Coal characterisation and combustion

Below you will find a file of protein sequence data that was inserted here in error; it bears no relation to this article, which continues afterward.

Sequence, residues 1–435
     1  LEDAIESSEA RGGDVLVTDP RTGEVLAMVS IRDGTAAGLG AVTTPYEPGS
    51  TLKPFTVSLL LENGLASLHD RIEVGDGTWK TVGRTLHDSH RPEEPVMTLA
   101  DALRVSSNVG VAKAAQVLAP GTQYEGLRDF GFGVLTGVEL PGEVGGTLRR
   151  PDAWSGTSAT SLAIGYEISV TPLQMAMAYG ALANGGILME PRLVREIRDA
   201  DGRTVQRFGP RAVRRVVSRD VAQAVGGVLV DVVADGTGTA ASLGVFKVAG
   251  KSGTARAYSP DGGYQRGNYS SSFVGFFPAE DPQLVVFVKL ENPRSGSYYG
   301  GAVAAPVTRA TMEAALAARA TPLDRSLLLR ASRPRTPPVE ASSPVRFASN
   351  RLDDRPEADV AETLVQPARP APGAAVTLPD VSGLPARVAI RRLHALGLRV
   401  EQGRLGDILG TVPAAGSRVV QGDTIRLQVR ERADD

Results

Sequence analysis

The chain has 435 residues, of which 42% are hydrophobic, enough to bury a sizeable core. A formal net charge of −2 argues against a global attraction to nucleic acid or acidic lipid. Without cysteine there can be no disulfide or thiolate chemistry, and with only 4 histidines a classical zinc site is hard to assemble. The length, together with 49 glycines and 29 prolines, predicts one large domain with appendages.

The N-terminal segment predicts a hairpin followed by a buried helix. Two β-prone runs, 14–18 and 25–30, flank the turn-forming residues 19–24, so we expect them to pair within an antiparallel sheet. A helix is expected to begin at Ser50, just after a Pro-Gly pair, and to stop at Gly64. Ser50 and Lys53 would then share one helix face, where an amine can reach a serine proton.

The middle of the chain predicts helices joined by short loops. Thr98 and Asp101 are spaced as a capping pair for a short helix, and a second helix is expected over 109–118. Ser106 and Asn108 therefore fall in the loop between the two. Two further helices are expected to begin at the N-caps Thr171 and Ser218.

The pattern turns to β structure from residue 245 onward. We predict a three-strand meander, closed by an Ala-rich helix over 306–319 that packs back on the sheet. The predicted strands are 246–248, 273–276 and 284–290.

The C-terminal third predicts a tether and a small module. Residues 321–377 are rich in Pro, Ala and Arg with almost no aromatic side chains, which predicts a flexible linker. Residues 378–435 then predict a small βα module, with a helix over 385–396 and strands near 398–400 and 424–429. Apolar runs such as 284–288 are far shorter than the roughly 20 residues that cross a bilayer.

There are three related studies within this thesis that examine the relationships between the properties of coals and the characteristics of the chars produced during rapid pyrolysis in a laboratory based Entrained Flow Reactor (EFR) which simulates the rapid rates of heating (104 to 105 °C s-1 ) typical of pulverised fuel boilers. The first study, using a suite of nine coals, investigates the influence of coal rank upon the generation of specific types of char, their respective physical and structural characteristics and their relative combustabilities. The second study, using a suite of twenty-two coals, examines various coal characterisation techniques and the correlations between those techniques and the associated char, and specifically investigates petrographic techniques as a means of characterising coal feedstock. The third study, using freshly mined coals, investigates the effects of oxidation (100°C, air) and weathering (ambient) upon standard analytical techniques and relates such changes to the physical, structural and combustion characteristics of the associated char. There is a common relationship between the elemental oxygen content of the parent coal and the generation of specific types of char for both vitrinite rich coals of differing coal rank and for the oxidised or weathered coals. There is also an inverse relationship (R 2 = 0.97) between the elemental oxygen content of a vitrinite rich coal and the proportion of cenospheres generated by pyrolysis at 1000°C using the EFR. Furthermore, the enhancement of char combustion at 1000°C (in an EFR) is related to the physical and structural characteristics of the char, i.e. the presence or absence of porosity (visible using SEM and TEM), the CO2 surface area and optical texture. A relationship exists (R2 = 0.83) between the morphology of a char (1000°C / N2) and the petrographic composition of the parent coal. The new term microlithotype, is an amalgamation of various vitrinite rich microlithotype classes that simplifies the nomenclature. A combination of calorific value, microlithotype, and coal rank (vitrinite reflectance) illustrates the influence of petrographic composition upon calorific value and also suggests a 'Province' dependency amongst the Cretaceous/Tertiary and Carboniferous coals studied. The coal properties calorific value, microlithotype, and coal rank can be related (R 2 = 0.91) to the proportion of porous chars for the Cretaceous/Tertiary suite of coals, illustrating the use of multivariate analyses when characterising coal feedstock. The effects of oxidation and weathering upon vitrinite fluorescence is also reported. The oxidation of coal at 100°C produces rims of quenched fluorescence which are not apparent within the weathered coals. Furthermore, the intensity of fluorescence at 650 nm (1650) decreases due to progressive oxidation or weathering, but decreases at a rate that is dependent upon the severity (temperature) of the conditions employed. The proposed oxidation quotient (0/Q = I65W%Romax) is a sensitive indicator of the oxidative conditions up to 100°C.